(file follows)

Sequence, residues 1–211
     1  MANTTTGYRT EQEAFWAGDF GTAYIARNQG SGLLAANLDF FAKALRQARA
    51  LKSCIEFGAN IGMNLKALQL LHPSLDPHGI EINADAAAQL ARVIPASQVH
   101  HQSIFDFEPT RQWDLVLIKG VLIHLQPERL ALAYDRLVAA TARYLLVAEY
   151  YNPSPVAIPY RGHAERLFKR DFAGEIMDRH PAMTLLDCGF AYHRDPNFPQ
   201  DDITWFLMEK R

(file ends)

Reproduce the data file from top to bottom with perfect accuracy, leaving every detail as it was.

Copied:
Sequence, residues 1–211
     1  MANTTTGYRT EQEAFWAGDF GTAYIARNQG SGLLAANLDF FAKALRQARA
    51  LKSCIEFGAN IGMNLKALQL LHPSLDPHGI EINADAAAQL ARVIPASQVH
   101  HQSIFDFEPT RQWDLVLIKG VLIHLQPERL ALAYDRLVAA TARYLLVAEY
   151  YNPSPVAIPY RGHAERLFKR DFAGEIMDRH PAMTLLDCGF AYHRDPNFPQ
   201  DDITWFLMEK R